Well friends, it’s getting chilly in the Bay Area and it’s putting me in mind of — no, actually, it’s NOT getting chilly in the Bay Area. At all. And I’m peeved. Stop with all this warm sunshine crap already! I want sharp winds, chunky sweaters, pink cheeks, and hearty foods! If it actually WERE getting autumnal around here I’d be TOTALLY commenting on how it was all putting me in mind of a TRULY delectable dish I had in San Diego. But noooooo!

Two very important things happen this Friday. The first — and less interesting — is that I turn thirty-two. The second — and much more delectable — is that Region turns two! *Groan* What I wouldn’t give to be at that fabulous restaurant celebrating both our birthdays with wine and food and friends and food and…food. After I wrote my initial review, I never mentioned how I went back and gorged myself two more times. Count ’em — three visits in three weeks. Yes, it’s that good. Therefore, given the week and my empty stomach, it’s time for a little Region Redux.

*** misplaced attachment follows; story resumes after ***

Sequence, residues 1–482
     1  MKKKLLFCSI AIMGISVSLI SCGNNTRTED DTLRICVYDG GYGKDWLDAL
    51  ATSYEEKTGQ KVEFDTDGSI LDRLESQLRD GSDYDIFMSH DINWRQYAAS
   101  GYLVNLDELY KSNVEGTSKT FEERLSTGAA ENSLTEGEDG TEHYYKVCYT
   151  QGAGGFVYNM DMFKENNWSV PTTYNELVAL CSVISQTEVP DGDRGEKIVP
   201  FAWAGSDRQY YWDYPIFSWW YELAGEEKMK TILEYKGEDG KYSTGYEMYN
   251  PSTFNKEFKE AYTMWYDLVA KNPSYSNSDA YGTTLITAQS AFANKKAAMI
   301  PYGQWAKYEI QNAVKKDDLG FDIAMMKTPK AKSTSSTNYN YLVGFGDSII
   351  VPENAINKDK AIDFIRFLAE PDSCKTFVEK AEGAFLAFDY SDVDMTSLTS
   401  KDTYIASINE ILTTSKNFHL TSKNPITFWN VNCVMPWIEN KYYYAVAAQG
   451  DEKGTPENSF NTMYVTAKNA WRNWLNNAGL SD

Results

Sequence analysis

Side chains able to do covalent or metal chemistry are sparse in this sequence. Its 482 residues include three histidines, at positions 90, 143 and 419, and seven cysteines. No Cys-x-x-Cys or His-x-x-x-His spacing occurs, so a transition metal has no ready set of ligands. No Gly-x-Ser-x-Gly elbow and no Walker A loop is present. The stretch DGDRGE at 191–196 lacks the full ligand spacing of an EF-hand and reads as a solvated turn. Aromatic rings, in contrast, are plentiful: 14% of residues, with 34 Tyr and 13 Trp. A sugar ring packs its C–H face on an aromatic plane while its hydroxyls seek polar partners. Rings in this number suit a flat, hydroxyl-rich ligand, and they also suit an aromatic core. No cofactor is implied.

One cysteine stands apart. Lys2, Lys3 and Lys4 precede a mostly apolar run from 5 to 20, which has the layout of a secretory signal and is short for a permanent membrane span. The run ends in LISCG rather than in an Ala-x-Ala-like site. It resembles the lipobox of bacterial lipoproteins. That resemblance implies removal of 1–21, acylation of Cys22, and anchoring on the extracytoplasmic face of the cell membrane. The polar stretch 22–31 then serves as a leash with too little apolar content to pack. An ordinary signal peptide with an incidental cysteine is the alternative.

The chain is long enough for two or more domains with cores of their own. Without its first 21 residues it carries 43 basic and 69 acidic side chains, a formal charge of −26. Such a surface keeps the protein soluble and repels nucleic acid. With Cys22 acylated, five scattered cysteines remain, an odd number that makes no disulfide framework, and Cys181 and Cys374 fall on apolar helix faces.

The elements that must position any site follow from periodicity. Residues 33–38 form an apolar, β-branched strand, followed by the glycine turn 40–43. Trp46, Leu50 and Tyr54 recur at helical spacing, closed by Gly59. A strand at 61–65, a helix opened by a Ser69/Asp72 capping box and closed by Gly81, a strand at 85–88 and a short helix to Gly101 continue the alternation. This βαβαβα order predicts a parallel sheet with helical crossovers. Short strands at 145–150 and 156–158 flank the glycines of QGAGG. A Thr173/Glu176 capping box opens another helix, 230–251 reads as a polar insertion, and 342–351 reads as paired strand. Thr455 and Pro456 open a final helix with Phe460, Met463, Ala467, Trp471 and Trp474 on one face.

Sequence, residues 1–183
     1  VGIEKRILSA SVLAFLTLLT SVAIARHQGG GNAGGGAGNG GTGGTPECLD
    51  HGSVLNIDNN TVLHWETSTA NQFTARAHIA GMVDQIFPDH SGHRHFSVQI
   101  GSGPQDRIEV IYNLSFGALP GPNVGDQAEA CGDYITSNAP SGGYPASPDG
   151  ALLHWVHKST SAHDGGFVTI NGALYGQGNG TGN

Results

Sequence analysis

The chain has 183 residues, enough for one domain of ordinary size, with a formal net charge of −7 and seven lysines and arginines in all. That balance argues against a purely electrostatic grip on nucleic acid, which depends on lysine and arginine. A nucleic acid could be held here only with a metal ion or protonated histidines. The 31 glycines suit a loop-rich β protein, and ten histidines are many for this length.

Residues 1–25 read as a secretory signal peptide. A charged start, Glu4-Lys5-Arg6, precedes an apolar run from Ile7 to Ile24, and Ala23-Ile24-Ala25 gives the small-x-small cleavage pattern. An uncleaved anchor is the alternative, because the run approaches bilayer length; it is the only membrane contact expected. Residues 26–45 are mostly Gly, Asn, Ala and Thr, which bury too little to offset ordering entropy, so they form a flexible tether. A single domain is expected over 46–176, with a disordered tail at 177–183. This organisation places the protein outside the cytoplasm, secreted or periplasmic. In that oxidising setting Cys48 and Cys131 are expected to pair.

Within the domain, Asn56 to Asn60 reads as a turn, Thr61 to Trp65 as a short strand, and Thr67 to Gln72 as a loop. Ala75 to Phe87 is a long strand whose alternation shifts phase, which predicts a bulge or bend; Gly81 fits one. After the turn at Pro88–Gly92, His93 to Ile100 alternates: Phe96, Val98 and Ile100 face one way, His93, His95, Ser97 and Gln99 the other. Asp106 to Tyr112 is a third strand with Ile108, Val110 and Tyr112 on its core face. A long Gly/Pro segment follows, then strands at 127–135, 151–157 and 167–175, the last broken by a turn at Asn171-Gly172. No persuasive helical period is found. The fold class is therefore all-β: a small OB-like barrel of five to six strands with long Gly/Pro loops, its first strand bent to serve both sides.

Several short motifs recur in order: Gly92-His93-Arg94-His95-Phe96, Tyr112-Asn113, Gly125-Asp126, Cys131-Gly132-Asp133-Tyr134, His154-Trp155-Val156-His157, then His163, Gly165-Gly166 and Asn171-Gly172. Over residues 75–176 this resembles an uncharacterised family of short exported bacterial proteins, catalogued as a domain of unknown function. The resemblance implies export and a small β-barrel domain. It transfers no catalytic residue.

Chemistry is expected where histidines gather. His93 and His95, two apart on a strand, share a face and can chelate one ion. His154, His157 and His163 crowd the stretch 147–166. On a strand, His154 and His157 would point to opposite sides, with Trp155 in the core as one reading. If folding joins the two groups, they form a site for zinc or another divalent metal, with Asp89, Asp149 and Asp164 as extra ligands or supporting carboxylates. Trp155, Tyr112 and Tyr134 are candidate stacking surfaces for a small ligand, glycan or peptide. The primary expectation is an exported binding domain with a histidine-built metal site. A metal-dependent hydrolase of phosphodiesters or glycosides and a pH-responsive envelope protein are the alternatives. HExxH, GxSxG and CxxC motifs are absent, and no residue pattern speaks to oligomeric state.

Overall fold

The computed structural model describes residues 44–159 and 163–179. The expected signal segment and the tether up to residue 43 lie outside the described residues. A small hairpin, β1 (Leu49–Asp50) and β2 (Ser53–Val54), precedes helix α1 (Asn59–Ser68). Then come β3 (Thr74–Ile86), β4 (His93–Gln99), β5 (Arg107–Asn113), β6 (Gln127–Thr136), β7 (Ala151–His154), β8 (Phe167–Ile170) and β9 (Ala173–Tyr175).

The truly delectable dish that would be perfect right now if San Francisco would just GIVE it up and ADMIT that it’s NOVEMBER ALREADY is the duck risotto I had on my last night at Region. It was so good that my husband and I scarfed it all down before I recovered my wits enough to take a picture. We may be pigs but we do share. In fact, our dining companions both ordered the duck risotto as well and were astounded that Mathra and I were content to share ours with one another. We were content to share because we also ordered a heirloom tomato salad with arugula and goat cheese. First of all, it was August, so how the hell could we resist tomato salad? “All tomatoes, all the time,” is my summer mantra, if you want to know the truth. Second of all, my husband and I are food compatible.